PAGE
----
Carlsen vs Anand, World Championship 2013, Game 5

I was expecting Magnus to play 6.Bd2 when Anand would take the pawn on d4 with his queen and we would get an exciting complex position. Instead Carlsen just retreated his knight back to c3.

This was not a novelty, but experts considered this line to be quite toothless. Black would get in a quick c5 and White would not really be fighting for an opening advantage. Well, Carlsen chose to differ on this. He not only got an opening edge, but he managed to get Anand out of his comfort zone and scored his first World Championship win.

The above episode happened over five years ago. Nothing much has changed since then. Carlsen is still the same - he believes that he can outplay any opponent in the world from a fresh equal position.

This position of the Vienna has been reached in over 1000 games. The three main moves for White are Bb5+ Bxf6 and Nb5. But guess what Magnus did?

He retreated his bishop back to d2 and this move has never been played, not even in correspondence chess. Because it is clearly an inferior move to the other available choices. But Magnus' argument is simple - Aronian has prepared the main lines, I will play an inferior move, which will give us a fresh position and then we will both begin thinking on the board and in such a situation, my chances of outplaying anyone in the world is better! The World Champion always blazes new paths and doesn't walk on the ones that are well trodden. Aronian played 0-0 instead of the principled ...Nxe4 because he was not sure what Magnus had in store for him there.

5. No draws

Carlsen had won both Shamkir and Grenke Chess 2019 with a round to spare. He could have just made a quick draw in the last round and enjoyed his victory, but instead he chose to toil hard on the board. It was not as if Magnus wanted to win at all costs. He just went to the game with an open mind. His opponents in both the events made an inaccuracy in the middlegame and then Magnus saw no reason to go for a draw. He fought hard and won the games. The most important thing is that he gained valuable 8 Elo points from both these games (four against Grischuk and four against MVL).

Carlsen fighting hard against MVL in the last round of Grenke Chess 2019 and winning the game! | Photo: Grenke Chess 2019

6. Competing with himself

Who is the most dangerous sportsperson? The one who competes with himself! The reason? A man who competes with himself is always looking to improve his flaws. For Magnus chess would become quite boring and dull if he compared himself to the other players in the world. He already has an Elo difference of above 50 points over world no. 2 Fabiano Caruana, which is huge. For Carlsen it is a battle with himself. When asked after the last round whether reaching 2900 is a realistic aim, Carlsen said, "Earlier I felt that it was just impossible. But now I have three fourth of the way there with a rating of 2875. And I think that this is quite possible."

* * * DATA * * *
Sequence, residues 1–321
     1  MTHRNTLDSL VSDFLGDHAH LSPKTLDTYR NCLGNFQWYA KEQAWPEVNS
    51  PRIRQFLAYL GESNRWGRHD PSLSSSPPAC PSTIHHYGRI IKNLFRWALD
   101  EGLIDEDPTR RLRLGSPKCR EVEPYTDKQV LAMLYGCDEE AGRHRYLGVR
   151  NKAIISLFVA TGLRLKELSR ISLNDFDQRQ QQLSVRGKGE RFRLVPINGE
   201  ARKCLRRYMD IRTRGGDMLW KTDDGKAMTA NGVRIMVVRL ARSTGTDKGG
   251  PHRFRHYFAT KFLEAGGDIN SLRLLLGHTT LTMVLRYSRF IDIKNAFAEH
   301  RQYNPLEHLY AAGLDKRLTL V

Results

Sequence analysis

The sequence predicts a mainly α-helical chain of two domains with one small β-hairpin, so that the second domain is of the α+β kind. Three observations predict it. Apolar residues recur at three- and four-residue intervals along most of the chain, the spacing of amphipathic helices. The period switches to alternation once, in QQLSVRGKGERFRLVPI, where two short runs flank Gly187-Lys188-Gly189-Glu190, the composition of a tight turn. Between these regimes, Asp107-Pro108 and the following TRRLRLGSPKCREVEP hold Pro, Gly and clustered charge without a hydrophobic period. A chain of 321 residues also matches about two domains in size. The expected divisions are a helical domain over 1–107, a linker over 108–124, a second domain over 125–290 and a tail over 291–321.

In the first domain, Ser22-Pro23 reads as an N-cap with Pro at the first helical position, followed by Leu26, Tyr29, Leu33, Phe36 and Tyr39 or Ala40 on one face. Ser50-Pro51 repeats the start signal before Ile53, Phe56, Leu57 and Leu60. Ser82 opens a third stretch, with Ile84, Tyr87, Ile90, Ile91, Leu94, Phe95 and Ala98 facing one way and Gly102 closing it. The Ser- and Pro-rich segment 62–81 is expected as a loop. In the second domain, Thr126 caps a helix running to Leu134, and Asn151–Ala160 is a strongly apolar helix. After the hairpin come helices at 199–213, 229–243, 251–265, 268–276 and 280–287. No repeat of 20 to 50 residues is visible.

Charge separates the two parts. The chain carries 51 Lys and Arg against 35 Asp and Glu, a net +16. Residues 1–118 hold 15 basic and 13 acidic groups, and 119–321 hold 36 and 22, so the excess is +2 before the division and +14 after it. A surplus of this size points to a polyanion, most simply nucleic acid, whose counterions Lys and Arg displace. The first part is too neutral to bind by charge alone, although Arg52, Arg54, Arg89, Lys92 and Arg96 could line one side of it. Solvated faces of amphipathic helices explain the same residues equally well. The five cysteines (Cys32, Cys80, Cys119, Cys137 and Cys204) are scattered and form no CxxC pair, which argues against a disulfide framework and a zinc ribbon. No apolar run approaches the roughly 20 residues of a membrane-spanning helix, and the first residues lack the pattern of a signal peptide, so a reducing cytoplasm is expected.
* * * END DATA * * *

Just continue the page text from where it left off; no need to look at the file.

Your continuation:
As you can see Carlsen converted his self doubt (of reaching 2900), into a goal which gives him self confidence. Competing with himself is the reason why Carlsen has managed to remain the World Champion for five and a half years and the World no. 1 for nearly 8 years.

All Magnus Carlsen interviews on the Grenke Chess YouTube Channel

I would recommend you to keep a couple of hours in your hand and go over the videos below. These are all the post game conferences, interviews and analysis videos of Carlsen after his wins at the Grenke Chess Classic 2019. If you watch the videos closely you would learn a lot more about this genius called Magnus Carlsen.

Magnus speaks about his first round win against Vincent Keymer
Carlsen speaks about his marathon win against Vallejo Pons
One of the finest videos in recent times where you can find two World Champions discussing their game after an intense struggle
Carlsen after his win against Georg Meier
Even a strong player like Peter Leko couldn't understand how Magnus beat Aronian. In this video Carlsen shows exactly how he did it!
Carlsen beats Peter Svilder
Discussion on different topics with Gustafsson and Leko after Magnus won the Grenke Chess Classic 2019
On winning the Grenke Chess Classic

If you would like to learn more about Magnus Carlsen and how he became such a fierce player, you can go for the Magnus Carlsen Master Class series DVD where three GMs and 1 IM analyze Carlsen's openings, endgames, strategic ideas and more from his chess career.